Jon Rahm: Covid's Cruellest Sporting Victim
The debate for the world’s best golfer grew in intensity prior to play at the Memorial Tournament. Occasionally, there are periods in golf where it’s difficult to determine who the very best player is off current form. If you peruse the Official World Golf Rankings, then Dustin Johnson leads the way. However, Johnson has not been anywhere near his best for quite some time now - demonstrated by the fact he’s failed to breach the top 10 since the Genesis Open back in February. He’s sustained several injuries since then but where did the man go who ignited Augusta and made it into his personal playground?
So, we must venture down the list. Justin Thomas is currently ranked second in the world but his form has been wayward at best. Yes, he won at The Players but that was thanks to a blistering weekend more so than a sustained performance built over the four days. Furthermore, both Bryson DeChambeau and Lee Westwood opened the door a smidge for Thomas who, even with his erratic form, was never going to surrender the chance at the PGA Tour’s flagship event.
The irony is that I want to pitch to you that the best player in the world is ranked as the third best player in the world. But please, stay with me here. As is every sport, golf is a results business industry. It’s all very well performing to your potential week in week out but if you continuously miss the winning putt on the 72nd hole, what good does it really do? That’s where Jon Rahm currently fits in. He’s virtually up there every week but his finishing has been well below his demands of excellence – that was, until this week.
He opened with a battling 69 after bogeying both the 1st and the 10th. In true Rahm fashion, successive birdies on 11 and 12 helped to mitigate the advantage that Collin Morikawa was effortlessly building. Having been part of the same featured group, it was fitting to see Rahm respond in such turbulent fashion the following day.
Four consecutive birdies from the 4th through to the 7th demonstrated that Rahm was unfulfilled with his Tour leading top 10s for this season. He smelt blood and would settle for nothing less. What epitomised this remarkable display of golf was an ace on 16 – a hole he would later play again as the inclement weather disrupted Friday’s action. His second round outing of 65 had placed him in a tie for the lead with Patrick Cantlay. What neither player knew, however, was that the next 18 holes would effectively finish this as a competition.
It is rare to see a golfer dominate a golf course on the PGA Tour in the fashion that Rahm did during not only his official third round, but Saturday as a whole. Not since The Masters held in November had golf seen such a riveting display as Rahm danced his way through one of golf’s sternest tests. Muirfield Village was designed by arguably the greatest golfer to ever grace the sport – and Rahm made an absolute mockery of The Golden Bear’s design.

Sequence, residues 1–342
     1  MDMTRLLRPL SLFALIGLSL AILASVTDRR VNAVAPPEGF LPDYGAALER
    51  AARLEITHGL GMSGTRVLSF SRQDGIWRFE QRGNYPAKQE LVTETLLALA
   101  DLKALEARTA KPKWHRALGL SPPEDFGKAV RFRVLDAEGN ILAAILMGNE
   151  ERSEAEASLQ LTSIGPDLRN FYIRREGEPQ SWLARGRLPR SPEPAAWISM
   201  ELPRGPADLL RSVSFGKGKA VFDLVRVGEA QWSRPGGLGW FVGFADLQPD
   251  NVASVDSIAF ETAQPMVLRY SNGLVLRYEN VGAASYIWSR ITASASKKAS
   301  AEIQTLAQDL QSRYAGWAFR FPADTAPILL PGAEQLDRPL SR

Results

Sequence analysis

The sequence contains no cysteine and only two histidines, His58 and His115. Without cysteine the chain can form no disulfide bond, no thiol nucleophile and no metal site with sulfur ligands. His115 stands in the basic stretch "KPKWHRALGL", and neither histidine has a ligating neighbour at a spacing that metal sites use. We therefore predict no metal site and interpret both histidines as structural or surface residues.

His 64 during his third – and final – outing of the weekend provided immense entertainment. Twice did the Spaniard secure three consecutive birdies, originally from 11 to 13 before emulating his achievement from 15 to 17. His approach into the 15th green may just be the shot of the tournament, as he narrowly missed his eagle putt to further flirt with the 61 course record set in 1996. As he finished his round, to high applause from the bystanders, an official cautiously walked over to the 26-year-old.
A brief, incoherent exchange between a rules official and Rahm took place. The mics picked up a short snippet of the golfer’s internal thoughts, perhaps more family-friendly that what was circulating his mind at the time: ‘not again,’ he sighed. For the next three to five minutes, the golfing world were completely uninformed. Naturally, it led to speculation. Had Rahm been penalised for a similar offence as last year? Was there a chance he could be disqualified? If so, what for?
Rahm’s caddie Adam Hayes pushed the TV cameras away from the direction of his golfer. It was clear that something drastic had taken place. Only minutes after the scenes took place, the PGA Tour communicated with fans that Rahm had tested positive for coronavirus and, after being in contact with a someone who had tested positive, he was subject to daily tests. Unfortunately for what was surely the finest display of golf this year, Rahm’s additional test told the same story and the Spaniard was forced to withdraw.
“I’m very disappointed in having to withdraw from the Memorial Tournament,” a statement, published on his social channels read. “This is one of those things in life, one of those moments where how we respond to a setback defines us as people. I’m very thankful that my family and I are all ok.”
And that was Rahm’s last involvement in a tournament that he had completely tore apart. A golf course that Nicklaus thought would play ‘one or two shots easier,’ looked set to be absolutely overpowered, overthought and completely outplayed. Rahm’s departure – through complete misfortune – did conjure up a fascinating finale that Cantlay won via an entertaining playoff. But, as the entire golfing world understands, that was Rahm’s tournament.
Although driver off of every tee wasn’t viable, Rahm found 81% of fairways – a stark contrast to his 63.91% for the season. He located just shy of 70% of greens but when his approaches were dialled in, he was averaging just 1.5 putts per hole. Had his luck been different, we would have been praising Rahm for one of the most dominant displays in recent history. Instead, we are left pondering the question: is Jon Rahm covid’s cruellest sporting victim?
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